It takes us from the opening to the finish of the Civil War, to the aftermath period of Reconstruction.

The story revolves around the Camerons from Piedmont, South Carolina, and the Stonemans from Pennyslvania. Phil and Tod Stoneman (Elmer Clifton & Robert Harron), sons of abolitionist leader and congressman Austin Stoneman (Ralph Lewis), visit Phil’s school friend, Ben Cameron (Henry B. Walthall), and his family in their Piedmont plantation. Phil makes a play for Ben’s sister Margaret, while Tod and Ben’s young brother Duke (Maxfield Stanley) become friends. Ben gets hold of a locket of Phil’s sister Elsie (Lillian Gish) and falls in love with her without ever seeing her in person. When the south secedes from the Union, each family remains loyal to where it was born and the eligible family members join the warring armies on opposing sides. During the conflict Duke and Tod die in each others’ arms. A white captain of a Negro outfit orders the raid of the Cameron’s Piedmont mansion and wrecks the place, but the family are saved from further misfortune by the arrival of the Confederate army. Ben, a colonel, is wounded during the Petersburg campaign but is rescued by Phil. At a Washington hospital Ben meets Elsie, now a nurse, for the first time. After Lee’s surrender and Lincoln’s assassination, Stoneman has great power in Congress as its leader. He sends his protégé, the mulatto Silas Lynch (George Siegmann), to Piedmont, where the whites are getting the short end of the stick from the new carpetbagger government and are left without power. Lynch is elected lieutenant governor, and illiterate blacks gain control of the corrupt political system. Stoneman visits Piedmont with Phil and Elsie to see first-hand how his plan is going. Ben and Elsie become engaged, but the dye-in-wool Confederate sympathizer Margaret rejects Phil because he’s a Yankee. Ben reacts to the cruel and chaotic rule of the blacks and carpetbaggers by organizing like-minded Southerners into a secret enforcement group called the Ku Klux Klan. Elsie breaks off the engagement upon learning that Ben is a clansman. The film’s most infamous scene has Gus (Walter Long), a renegade black soldier who becomes one of Lynch’s followers, finding Flora (Mae Marsh), Ben’s youngest sister, alone in the woods, where he asks her to marry him. She runs in fright, and jumps off a cliff rather than give into what she thinks are Gus’s sexual advances. After she dies in Ben’s arms, Gus is hanged by the Klan. Black militia troops take control of Piedmont, as Lynch asks Elsie to be the queen of his black empire. Elsie is disgusted by the offer and tries to fend off Lynch. But even her father can’t prevent a forced marriage. In the nick of time, Ben leads the Klan to rescue Elsie and Stoneman and the rest of the Camerons. As a result of the so-called noble KKK, the blacks are disenfranchised. Margaret and Phil honeymoon with Ben and Elsie. In an allegorical epilogue, the whites are seen as uniting again in a move for brotherhood under the cross of Christ to stave off the power play of the blacks and the corrupt Northern white politicians.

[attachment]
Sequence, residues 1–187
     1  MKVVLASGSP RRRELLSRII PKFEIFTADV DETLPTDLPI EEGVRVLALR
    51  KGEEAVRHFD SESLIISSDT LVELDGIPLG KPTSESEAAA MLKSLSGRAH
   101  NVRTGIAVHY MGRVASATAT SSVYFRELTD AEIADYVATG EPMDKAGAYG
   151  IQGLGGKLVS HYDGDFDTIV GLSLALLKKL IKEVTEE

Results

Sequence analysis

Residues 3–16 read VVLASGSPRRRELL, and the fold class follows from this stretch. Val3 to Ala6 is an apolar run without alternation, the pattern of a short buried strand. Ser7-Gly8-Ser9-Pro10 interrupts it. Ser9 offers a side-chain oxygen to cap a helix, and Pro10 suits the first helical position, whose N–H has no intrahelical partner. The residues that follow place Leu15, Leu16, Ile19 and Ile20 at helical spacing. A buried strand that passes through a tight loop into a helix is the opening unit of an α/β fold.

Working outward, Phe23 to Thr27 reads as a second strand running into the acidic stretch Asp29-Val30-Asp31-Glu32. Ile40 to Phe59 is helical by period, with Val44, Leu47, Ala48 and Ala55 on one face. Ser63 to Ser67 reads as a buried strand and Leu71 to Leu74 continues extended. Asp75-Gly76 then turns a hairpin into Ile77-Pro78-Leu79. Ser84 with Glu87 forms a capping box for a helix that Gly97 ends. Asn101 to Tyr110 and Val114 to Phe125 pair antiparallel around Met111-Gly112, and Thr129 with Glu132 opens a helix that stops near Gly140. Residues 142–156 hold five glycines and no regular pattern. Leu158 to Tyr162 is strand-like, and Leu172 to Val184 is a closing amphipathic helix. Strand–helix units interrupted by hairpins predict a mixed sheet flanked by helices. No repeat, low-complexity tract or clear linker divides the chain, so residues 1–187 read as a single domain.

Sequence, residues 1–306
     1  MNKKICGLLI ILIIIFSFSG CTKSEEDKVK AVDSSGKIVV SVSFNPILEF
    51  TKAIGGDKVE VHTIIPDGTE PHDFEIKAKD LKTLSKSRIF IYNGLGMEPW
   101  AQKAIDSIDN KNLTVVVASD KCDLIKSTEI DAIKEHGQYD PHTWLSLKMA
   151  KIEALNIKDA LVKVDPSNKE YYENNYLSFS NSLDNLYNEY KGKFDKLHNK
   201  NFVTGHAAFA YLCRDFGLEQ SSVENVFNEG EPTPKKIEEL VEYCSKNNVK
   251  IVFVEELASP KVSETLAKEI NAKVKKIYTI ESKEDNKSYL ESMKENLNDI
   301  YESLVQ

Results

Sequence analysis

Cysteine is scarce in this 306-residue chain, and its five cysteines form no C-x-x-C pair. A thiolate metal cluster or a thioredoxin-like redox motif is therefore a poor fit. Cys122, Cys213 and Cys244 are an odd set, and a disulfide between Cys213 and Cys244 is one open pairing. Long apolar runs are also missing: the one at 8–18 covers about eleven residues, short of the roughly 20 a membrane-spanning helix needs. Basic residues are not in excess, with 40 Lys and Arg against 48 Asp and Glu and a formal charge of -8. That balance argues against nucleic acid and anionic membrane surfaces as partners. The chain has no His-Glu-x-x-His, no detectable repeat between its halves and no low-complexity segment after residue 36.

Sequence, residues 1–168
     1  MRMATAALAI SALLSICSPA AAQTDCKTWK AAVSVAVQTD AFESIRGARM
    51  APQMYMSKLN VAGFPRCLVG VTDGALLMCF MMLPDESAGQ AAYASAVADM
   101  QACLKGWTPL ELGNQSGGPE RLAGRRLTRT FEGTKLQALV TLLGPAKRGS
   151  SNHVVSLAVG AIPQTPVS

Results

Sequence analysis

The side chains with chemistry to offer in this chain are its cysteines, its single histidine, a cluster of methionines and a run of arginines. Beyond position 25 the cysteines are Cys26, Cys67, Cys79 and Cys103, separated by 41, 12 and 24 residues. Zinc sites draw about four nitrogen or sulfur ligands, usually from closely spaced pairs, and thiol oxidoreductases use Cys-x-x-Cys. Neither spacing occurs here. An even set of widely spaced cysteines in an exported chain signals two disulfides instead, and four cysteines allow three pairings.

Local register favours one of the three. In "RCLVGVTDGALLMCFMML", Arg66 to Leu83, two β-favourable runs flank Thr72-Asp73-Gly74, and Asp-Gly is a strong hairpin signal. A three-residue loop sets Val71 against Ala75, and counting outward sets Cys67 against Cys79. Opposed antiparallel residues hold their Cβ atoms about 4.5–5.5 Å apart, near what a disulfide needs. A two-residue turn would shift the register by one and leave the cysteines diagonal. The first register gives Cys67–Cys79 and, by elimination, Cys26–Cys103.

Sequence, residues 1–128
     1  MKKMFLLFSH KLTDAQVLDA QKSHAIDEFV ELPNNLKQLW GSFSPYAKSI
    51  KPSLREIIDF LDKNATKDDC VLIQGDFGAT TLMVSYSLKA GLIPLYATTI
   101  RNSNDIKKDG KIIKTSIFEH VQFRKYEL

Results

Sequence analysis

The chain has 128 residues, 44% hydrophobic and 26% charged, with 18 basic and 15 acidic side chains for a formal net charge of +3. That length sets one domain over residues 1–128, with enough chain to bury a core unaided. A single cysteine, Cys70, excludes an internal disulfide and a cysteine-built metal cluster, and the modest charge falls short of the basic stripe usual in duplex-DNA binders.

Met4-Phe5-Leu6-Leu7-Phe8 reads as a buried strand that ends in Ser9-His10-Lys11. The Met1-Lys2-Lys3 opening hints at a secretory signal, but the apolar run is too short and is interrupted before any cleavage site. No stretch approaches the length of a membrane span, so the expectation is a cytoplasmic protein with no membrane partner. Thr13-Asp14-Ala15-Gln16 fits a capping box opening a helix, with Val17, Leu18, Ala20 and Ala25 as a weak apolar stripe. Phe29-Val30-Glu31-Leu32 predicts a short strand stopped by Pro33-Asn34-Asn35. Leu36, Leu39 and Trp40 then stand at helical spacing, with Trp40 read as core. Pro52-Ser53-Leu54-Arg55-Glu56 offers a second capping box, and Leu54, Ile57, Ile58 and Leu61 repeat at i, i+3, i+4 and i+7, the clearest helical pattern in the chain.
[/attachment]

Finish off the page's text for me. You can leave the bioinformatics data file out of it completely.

Its battle scenes were truly remarkable; the beautiful costumes were reportedly made by Lillian Gish’s mother. The film went over its projected $100,000 budget, as Griffith put his last cent into it and had to get additional backing from businessmen. But it paid off at the box office, where it became the biggest money earner of some $18 million until Disney’s Snow White and the Seven Dwarfs (1937).


Dennis Schwartz: “Ozus’ World Movie Reviews”